To be an instrument of change in this country, you must exercise your right and duty to participate in the electoral process. It is clear that if the human species is to avoid the impending crises of climate disruption and species extinction, our country’s agenda must change. The cupidity, the greed, that pervades current political leadership in our country must be replaced with selflessness and genuine concern for future generations and the health of the planet.
This must be the work of a new generation of courageous voters.
The poet Baron Wormser, who from 2000 to 2005 served as Poet Laureate of Maine, recently published an essay entitled “The Garden Remains”. He, like me, is old enough to remember the Woodstock Music and Art Fair of 1969, the year of my graduation – some of you here tonight remember it, as well. Woodstock happened during three sometimes rainy August days on a dairy farm in Bethel, New York, an event billed as “An Aquarian Exposition: 3 Days of Peace & Music”, an event that drew over half a million people to hear many of the outstanding performers of that time, including Ravi Shankar; Joan Baez, who asked, “How many times can a man turn his head and pretend that he just doesn’t see?”; Arlo Guthrie, who sang “Good morning, America, how are you?”; Grateful Dead; Creedence Clearwater Revival (“Have You Ever Seen the Rain?”); Joe Cocker (“You Are So Beautiful”); Blood, Sweat, and Tears; Crosby, Stills, Nash, and Young, and Jimi Hendrix. Surely you of know these artists and their timeless music. Their music is immortal, as are the words of songwriter Joni Mitchell who while not at the festival, wrote a song called “Woodstock” in honor of the event.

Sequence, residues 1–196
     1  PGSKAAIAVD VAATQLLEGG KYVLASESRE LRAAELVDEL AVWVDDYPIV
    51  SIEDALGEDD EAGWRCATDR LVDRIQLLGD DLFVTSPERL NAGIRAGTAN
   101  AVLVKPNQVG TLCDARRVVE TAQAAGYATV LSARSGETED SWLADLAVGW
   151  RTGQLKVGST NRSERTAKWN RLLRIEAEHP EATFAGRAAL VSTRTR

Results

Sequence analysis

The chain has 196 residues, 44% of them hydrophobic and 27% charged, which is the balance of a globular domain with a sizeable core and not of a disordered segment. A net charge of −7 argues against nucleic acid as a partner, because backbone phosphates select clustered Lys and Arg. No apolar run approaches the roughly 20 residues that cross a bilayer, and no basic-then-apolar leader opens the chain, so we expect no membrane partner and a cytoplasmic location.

In his 2013 essay, Wormser focused on one line from Joni Mitchell’s song, “we’ve got to get ourselves back to the garden”.
Quoting Wormser now,
“Why isn’t the green world enough for us?…
“Alas, the human race has never been very good at appreciation. We’re active and forgetful creatures who tend to be glib. To build a culture of appreciation for the finite and reside there may be the largest task facing the human race. It certainly won’t be accomplished by being busier and creating more labyrinths of money. Weeding and hoeing are much more important. So is cooking. So is any imaginative endeavor that makes us feel at home on earth.
When the song “Woodstock” proclaimed that “we’ve got to get ourselves back to the garden,” it wasn’t as hippie-foolish as it might have seemed. The backers of the blind certainty that perpetually afflicts human affairs…might ponder the peace that resides in that line. We may have left something very crucial behind; yet the good news is that anyone can see the garden any day on earth. It’s called grass or tree or fruit or flower.”
I don’t remember the commencement address of 1969. I do remember Woodstock and Joni Mitchell’s song. And Wormser’s recent words resonate with truth. Something was left behind when my generation turned its back on the garden we call “Earth”, when we handed over the security of your future and the future of our planet to multi-national corporations.
Now, dear graduates, it is your turn, your opportunity to turn the tide. Do you have the courage?
I wish for each of you the best of luck – for luck, as I mentioned earlier, is part of the equation.
I wish for each of you long and productive lives filled with love for family, community, and for the planet that we must hold dear.
Congratulations to each of you and thank you for inviting me to this stage tonight!